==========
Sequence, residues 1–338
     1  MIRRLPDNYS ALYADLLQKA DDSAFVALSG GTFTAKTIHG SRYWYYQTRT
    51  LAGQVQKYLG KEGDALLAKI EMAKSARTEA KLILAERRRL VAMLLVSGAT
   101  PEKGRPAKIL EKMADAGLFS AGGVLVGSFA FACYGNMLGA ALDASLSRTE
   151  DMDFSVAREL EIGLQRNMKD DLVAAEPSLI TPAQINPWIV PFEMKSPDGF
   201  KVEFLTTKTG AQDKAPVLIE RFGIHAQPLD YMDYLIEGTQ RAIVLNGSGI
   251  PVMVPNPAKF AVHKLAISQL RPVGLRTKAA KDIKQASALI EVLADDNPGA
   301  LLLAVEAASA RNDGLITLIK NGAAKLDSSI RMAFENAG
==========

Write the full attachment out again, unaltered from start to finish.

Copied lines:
Sequence, residues 1–338
     1  MIRRLPDNYS ALYADLLQKA DDSAFVALSG GTFTAKTIHG SRYWYYQTRT
    51  LAGQVQKYLG KEGDALLAKI EMAKSARTEA KLILAERRRL VAMLLVSGAT
   101  PEKGRPAKIL EKMADAGLFS AGGVLVGSFA FACYGNMLGA ALDASLSRTE
   151  DMDFSVAREL EIGLQRNMKD DLVAAEPSLI TPAQINPWIV PFEMKSPDGF
   201  KVEFLTTKTG AQDKAPVLIE RFGIHAQPLD YMDYLIEGTQ RAIVLNGSGI
   251  PVMVPNPAKF AVHKLAISQL RPVGLRTKAA KDIKQASALI EVLADDNPGA
   301  LLLAVEAASA RNDGLITLIK NGAAKLDSSI RMAFENAG